Letters to the Editor: May 19, 2021
Letters to the Editor published in the May 19, 2021 issue of the Tomahawk Leader.
We must learn from our past, but not condemn those who came before us
Before we get into a full-fledged brouhaha, let’s acknowledge the Critical Race Theory is just that, a theory. Webster suggests several definitions for theory but the one I suspect most of us would use is: “a hypothesis assumed for the sake of argument or investigation.” With greater study, a theory might reach the stage of probably true (where we are presently with the Big Bang theory) but we are far short of probable truth at this point. Whether it will ever reach the level of fact is unknown.
Acknowledging Critical Race Theory as a simple theory is hard for many since some of the anecdotal evidence available seems to support it. There are certainly strong voices and pressures that seek to roll over any objections. Nevertheless, power never converts a theory into a fact.
One of the premises used to establish Critical Race Theory as fact is that the “real” reason the Pilgrims came to Plymouth Rock was because slavery was crumbling in England and the perpetrators were seeking a new nest. One looks in vain for any discussion of race in the Mayflower Compact. Google it. It’s very brief. We can’t offer evidence one way or the other about the Jamestown settlement.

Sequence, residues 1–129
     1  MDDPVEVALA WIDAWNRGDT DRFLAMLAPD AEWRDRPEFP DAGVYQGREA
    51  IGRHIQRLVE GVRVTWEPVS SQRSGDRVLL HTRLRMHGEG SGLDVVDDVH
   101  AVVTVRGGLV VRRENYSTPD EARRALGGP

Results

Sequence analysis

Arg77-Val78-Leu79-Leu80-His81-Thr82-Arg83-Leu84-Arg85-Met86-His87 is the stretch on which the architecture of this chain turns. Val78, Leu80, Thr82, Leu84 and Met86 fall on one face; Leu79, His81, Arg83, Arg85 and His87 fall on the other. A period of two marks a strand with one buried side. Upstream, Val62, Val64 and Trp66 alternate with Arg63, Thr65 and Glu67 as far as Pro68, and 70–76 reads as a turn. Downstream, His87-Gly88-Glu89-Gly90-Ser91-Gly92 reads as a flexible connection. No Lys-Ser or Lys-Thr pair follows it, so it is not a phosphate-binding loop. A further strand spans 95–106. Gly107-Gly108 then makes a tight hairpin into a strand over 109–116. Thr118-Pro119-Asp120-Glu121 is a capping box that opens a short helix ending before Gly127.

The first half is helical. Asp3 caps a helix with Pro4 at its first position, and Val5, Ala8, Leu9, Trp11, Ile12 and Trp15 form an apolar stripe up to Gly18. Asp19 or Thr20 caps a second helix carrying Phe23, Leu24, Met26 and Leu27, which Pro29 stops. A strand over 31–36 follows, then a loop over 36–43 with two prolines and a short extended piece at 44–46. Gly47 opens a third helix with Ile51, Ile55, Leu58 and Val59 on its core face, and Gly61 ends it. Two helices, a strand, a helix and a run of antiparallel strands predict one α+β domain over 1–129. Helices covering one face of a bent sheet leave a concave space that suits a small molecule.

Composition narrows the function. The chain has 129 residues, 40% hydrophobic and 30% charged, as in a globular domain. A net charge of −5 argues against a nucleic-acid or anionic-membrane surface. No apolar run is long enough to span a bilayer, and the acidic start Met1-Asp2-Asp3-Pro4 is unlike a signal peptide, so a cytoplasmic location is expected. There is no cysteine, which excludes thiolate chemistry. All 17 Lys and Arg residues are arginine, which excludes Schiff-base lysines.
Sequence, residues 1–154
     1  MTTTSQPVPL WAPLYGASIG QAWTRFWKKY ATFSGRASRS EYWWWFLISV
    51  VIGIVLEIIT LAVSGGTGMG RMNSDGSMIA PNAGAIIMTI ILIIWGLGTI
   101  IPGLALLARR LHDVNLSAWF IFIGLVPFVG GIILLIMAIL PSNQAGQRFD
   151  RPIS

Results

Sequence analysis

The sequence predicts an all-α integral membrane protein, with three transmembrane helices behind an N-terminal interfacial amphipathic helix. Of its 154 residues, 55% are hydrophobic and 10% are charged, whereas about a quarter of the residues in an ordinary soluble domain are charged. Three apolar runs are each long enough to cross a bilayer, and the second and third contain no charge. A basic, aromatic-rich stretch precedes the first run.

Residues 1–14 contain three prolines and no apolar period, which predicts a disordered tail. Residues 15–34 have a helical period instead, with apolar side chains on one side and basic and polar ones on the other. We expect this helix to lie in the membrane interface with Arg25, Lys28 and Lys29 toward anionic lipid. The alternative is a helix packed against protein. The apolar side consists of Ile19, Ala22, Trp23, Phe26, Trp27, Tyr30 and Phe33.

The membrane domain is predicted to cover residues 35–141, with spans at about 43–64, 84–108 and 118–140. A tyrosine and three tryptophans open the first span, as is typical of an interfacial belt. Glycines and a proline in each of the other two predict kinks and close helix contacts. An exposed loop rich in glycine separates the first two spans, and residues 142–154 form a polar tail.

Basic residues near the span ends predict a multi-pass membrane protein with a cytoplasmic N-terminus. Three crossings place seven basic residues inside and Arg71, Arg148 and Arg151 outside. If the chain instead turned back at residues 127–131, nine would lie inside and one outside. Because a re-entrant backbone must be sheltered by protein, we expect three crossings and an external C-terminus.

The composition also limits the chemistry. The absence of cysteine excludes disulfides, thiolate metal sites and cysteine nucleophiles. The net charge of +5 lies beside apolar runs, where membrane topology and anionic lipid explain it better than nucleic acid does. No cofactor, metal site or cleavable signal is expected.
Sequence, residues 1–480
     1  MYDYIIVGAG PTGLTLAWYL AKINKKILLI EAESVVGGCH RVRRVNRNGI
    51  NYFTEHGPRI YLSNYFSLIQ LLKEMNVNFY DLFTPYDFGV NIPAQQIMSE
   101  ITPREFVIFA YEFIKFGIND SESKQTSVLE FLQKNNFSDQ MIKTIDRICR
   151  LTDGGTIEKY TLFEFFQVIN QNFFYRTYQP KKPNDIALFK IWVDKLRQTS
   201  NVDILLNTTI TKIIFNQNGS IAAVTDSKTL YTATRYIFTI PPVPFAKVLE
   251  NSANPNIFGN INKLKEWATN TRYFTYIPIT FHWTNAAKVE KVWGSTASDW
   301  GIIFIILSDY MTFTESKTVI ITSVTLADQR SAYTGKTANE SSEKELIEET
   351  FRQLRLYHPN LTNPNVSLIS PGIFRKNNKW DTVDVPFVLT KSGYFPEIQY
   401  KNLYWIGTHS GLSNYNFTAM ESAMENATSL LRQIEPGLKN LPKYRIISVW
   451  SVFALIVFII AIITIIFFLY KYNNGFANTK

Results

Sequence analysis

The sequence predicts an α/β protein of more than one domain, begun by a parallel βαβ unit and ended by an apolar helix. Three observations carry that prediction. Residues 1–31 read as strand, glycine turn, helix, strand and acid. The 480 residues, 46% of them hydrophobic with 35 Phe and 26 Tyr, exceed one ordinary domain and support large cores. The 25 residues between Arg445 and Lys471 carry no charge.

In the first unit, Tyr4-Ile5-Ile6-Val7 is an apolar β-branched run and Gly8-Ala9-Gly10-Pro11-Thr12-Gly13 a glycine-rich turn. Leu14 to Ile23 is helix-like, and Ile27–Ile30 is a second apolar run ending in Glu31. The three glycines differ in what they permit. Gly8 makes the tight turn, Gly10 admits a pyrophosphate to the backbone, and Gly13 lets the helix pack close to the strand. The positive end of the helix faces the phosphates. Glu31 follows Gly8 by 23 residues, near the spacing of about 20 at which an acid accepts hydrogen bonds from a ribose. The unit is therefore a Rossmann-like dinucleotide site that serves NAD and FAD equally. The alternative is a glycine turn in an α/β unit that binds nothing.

We do know that the issue of how to count slaves for establishing representation in the House of Representatives was a red-hot issue when the Constitution was being written. A temporary solution was adopted simply to get the whole of the Constitution adopted. It can be argued until we are blue in the face that those opposed to slavery should have stood their ground and maintained a slavery-free nation from the beginning. The fact is that many strong-willed and righteous people put our Constitution together and it is ill-advised that any of them be condemned for not doing what today seems so obvious but which to them was not.
I think the Critical Race Theory can be useful as we continue to develop and enact moral and ethical behavior in the United States. We have to learn from our past, and errors are usually better teachers than being right. But we must not condemn those who came before us but for not doing as we might have done if we were involved in the original drafting of the Constitution.
On a recent insomnia induced late night trip on the internet—this message suddenly popped up on my screen:
“Here’s how we can stop any more election recounts, like in Arizona. Issue a statement that we’ll concede the election to Trump if the Q-recount in Maricopa County finds out we stole the election. Say we’re so sure it was an ‘honest’ election that Trump can be President-For-Life, and his kids can succeed him, without any more elections–ever. Who’d think we did anything crooked with a big statement like that? Right? They’ll never figure out how we rigged it! We really covered our tracks, right? Right?”
And here’s the kicker to prove this erroneous e-mail is true, it was signed, “Joe B!”
What more can I say, except this is Satire 101. It’s a lot saner than a lot I’ve heard or read lately.